HeadlinesDecember 6, 2010
- The architect of KU
- KU named outstanding university for junior faculty
- Goonewardene to lead efforts to take KU research commercial
- Report shows School of Business differential tuition used properly
- Campus-wide differential tuition improves KU's educational offerings
- School of Medicine professor to perform first ever study of effects of lithium on children
- Some offices to close for winter break; temperatures to be adjusted
- KU classes partner with Cottonwood Inc. to advance learning on disabilities
- Big Brothers Big Sisters seeking KU volunteers to mentor children
- Leadership summit designed to help staff at all levels 'lead from where they are'
- KU lands spot in Guide to Military Friendly Colleges and Universities
- KU to issue grads new-look diplomas
- Hall Center names 2011 research, creative work fellows
Williamson earns honorary membership in teaching association
The National Association of Biology Teachers has recognized Brad Williamson, an educator at the Center for Science Education, with an association Honorary Memberships. The award was presented during the recent 2010 Professional Development Conference in Minneapolis, Minn. Williamson is a master teacher in the UKanTeach program.
The Honorary Membership was established to recognize individuals who have achieved distinction in teaching, research or service in the biological sciences, and is considered the highest honor given by the association. Candidates for the award must be nominated by an association member who submits an official letter of nomination. That letter must be accompanied by a detailed biographical summary and be supported by letters of recommendation from at least nine other association members in good standing. Those individuals selected to be Honorary Members become lifetime members.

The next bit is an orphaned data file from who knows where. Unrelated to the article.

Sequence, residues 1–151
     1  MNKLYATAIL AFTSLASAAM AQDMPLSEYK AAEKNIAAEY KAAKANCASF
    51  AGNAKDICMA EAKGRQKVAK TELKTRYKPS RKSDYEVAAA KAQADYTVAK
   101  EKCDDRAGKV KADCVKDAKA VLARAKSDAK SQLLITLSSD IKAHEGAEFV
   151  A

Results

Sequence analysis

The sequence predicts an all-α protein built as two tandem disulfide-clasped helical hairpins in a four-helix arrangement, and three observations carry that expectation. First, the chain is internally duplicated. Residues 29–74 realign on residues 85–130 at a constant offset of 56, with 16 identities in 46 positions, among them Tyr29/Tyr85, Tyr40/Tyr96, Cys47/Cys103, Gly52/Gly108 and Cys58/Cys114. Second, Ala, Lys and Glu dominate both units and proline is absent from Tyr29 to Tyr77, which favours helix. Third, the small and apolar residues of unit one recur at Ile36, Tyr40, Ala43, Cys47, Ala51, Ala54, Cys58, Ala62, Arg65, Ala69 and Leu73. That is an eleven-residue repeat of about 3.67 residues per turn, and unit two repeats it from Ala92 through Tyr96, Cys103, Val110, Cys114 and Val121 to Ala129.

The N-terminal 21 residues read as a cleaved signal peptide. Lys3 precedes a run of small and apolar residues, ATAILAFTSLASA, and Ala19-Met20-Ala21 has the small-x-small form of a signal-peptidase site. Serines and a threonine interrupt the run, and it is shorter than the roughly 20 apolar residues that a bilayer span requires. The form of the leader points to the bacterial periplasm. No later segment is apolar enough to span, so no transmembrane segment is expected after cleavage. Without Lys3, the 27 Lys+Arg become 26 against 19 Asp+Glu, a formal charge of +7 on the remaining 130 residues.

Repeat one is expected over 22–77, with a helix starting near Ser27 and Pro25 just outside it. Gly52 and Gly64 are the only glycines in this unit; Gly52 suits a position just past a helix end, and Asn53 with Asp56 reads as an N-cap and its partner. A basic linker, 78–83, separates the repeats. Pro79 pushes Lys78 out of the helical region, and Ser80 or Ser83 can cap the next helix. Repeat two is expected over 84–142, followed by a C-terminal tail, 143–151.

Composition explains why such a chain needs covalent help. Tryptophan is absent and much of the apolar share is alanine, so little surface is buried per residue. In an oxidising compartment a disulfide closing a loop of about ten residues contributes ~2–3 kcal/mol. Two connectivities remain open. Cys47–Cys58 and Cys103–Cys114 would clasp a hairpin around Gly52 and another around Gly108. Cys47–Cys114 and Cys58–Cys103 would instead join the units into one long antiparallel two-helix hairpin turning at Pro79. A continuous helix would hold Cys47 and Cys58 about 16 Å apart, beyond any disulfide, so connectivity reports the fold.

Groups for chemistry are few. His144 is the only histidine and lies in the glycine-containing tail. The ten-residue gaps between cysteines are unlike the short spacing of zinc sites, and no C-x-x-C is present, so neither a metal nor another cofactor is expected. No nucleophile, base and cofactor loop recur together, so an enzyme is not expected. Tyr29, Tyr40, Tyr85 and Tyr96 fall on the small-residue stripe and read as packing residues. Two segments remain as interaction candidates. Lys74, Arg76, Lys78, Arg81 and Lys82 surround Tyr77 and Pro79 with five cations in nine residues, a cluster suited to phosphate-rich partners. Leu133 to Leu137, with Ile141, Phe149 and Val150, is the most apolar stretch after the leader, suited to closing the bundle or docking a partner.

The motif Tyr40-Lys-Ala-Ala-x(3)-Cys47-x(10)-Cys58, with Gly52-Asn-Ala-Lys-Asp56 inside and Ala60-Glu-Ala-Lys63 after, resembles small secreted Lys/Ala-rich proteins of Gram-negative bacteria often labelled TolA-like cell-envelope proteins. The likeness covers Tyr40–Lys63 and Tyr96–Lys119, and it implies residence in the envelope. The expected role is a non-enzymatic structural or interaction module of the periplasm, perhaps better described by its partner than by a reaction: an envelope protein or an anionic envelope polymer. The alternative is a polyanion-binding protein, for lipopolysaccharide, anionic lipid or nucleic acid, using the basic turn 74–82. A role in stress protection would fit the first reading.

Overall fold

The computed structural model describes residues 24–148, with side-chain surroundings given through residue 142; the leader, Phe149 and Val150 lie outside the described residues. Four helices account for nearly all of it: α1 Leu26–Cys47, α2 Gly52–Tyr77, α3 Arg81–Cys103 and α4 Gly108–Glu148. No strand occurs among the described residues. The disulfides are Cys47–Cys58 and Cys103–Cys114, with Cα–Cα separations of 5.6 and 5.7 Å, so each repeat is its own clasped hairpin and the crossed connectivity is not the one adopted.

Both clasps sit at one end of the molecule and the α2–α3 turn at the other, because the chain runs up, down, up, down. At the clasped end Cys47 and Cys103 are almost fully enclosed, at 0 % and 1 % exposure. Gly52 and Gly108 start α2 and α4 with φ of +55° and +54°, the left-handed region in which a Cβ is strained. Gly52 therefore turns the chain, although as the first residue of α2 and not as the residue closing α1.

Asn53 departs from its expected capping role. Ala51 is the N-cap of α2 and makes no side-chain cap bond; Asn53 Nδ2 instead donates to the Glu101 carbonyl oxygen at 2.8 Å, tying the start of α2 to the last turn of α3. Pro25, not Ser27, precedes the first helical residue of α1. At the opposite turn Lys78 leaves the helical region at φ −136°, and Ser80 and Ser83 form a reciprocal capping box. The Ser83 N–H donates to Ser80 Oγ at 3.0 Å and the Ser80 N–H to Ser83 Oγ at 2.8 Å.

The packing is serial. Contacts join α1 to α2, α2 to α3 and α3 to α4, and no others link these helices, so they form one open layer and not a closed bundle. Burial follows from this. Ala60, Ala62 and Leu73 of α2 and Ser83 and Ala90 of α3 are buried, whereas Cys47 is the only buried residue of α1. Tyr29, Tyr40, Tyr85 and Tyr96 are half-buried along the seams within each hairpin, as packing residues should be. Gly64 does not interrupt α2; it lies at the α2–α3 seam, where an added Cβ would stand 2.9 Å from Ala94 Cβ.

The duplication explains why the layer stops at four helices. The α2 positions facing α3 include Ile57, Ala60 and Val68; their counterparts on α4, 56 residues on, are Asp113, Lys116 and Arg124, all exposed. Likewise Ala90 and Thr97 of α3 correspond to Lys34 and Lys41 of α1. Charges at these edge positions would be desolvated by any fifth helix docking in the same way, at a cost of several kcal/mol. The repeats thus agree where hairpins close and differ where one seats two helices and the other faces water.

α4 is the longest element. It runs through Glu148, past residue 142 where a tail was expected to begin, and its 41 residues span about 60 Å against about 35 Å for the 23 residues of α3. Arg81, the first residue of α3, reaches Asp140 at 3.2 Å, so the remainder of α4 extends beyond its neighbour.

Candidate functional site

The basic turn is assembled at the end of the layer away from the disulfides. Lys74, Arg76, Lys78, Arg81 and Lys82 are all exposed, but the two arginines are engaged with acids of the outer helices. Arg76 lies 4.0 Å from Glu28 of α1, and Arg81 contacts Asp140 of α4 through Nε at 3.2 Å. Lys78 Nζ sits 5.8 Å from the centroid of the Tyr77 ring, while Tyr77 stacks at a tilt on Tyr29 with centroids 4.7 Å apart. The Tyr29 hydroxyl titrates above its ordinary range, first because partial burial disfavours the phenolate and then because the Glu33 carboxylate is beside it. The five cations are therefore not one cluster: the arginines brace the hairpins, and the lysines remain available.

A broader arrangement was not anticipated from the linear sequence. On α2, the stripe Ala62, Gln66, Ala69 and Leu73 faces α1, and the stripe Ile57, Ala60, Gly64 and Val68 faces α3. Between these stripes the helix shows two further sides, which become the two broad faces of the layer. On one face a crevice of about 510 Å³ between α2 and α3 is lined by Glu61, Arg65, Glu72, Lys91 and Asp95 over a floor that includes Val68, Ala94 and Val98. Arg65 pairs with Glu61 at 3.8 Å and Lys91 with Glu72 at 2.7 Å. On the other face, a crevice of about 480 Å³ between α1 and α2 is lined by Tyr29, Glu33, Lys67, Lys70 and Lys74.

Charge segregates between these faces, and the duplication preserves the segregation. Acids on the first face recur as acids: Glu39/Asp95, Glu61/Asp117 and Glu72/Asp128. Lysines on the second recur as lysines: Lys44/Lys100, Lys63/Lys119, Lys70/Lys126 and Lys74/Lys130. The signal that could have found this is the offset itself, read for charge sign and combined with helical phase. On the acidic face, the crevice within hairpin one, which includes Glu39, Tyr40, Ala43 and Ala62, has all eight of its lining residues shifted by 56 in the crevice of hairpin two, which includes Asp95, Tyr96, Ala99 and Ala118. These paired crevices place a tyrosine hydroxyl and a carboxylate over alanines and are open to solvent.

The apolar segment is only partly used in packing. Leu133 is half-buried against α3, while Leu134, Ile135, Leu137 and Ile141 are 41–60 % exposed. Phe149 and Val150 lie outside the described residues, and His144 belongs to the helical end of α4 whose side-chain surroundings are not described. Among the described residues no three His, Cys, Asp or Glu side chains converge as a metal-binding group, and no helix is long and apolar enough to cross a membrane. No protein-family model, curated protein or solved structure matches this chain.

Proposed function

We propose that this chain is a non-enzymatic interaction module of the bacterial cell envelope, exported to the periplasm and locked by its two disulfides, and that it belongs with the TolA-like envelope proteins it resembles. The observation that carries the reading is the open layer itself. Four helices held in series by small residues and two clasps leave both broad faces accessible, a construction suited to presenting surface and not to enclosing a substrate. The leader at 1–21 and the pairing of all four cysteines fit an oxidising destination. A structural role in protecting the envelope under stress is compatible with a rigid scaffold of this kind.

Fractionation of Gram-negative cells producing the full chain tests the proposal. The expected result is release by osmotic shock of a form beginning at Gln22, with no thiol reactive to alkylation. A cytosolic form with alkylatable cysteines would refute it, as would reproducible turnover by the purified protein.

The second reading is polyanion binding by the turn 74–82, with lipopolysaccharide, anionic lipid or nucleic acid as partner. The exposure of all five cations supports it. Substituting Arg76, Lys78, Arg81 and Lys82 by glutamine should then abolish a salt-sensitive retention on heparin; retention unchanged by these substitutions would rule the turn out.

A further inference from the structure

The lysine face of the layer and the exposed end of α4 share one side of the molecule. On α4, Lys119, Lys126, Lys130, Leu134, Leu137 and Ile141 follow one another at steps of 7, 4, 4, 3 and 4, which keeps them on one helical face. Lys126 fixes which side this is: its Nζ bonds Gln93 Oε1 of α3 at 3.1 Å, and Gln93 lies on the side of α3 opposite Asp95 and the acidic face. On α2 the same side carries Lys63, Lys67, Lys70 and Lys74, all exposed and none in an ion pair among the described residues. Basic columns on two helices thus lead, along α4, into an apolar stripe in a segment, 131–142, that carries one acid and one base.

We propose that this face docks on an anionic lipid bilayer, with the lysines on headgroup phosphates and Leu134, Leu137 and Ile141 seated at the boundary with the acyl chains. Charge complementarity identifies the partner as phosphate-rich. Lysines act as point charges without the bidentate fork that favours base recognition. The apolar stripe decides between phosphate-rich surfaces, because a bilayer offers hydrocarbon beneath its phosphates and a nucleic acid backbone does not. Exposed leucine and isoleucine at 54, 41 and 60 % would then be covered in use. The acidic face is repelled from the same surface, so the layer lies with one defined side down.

Trombone professor releases new CD
"Blue Wolf," Michael Davidson's recently released CD.
Michael Davidson, assistant professor of trombone, recently released “Blue Wolf” on Emeritus Recordings, available from Co-Op Press. Davidson performs the works of John Davison, Leonard Bernstein, Gerald Finzi, Sy Brandon, Richard Trevarthen, Walter Hartley and others, and he is joined on piano by Ellen Bottorff, KU lecturer.
Davidson is principal trombonist of the Shreveport Symphony Orchestra and the South Arkansas Symphony, and trombonist with the Kansas Brass Quintet, the I-49 Brass Quintet and the LATEX Trombone Quartet.
He earned a bachelor’s and performer's certificate in trombone from the University of Florida, his master’s from Centenary College of Louisiana and a doctorate in trombone performance from the University of Cincinnati College-Conservatory of Music. He has performed with the Jacksonville Symphony Orchestra, the Kansas City Symphony, the Arkansas Symphony Orchestra, the Tulsa Philharmonic Orchestra, the Spoleto Festival Orchestra USA, the Topeka Symphony and the St. Joseph Symphony and in local performances with the Four Tops, Ray Charles, Johnny Mathis, Kathy Mattea, Emmylou Harris, Mel Tormé, Sandi Patty and many others. He was solo trombonist of Kansas City's Fountain City Brass Band when it won the 2007 North American Brass Band Association and United States Open championships.
Chen receives grant for autism research
Xue-Wen Chen, associate professor of electrical engineering and computer sciences, is a recipent of one of four $50,000 grants from the Kansas City Area Life Sciences Institute and Bank of America in Kansas City.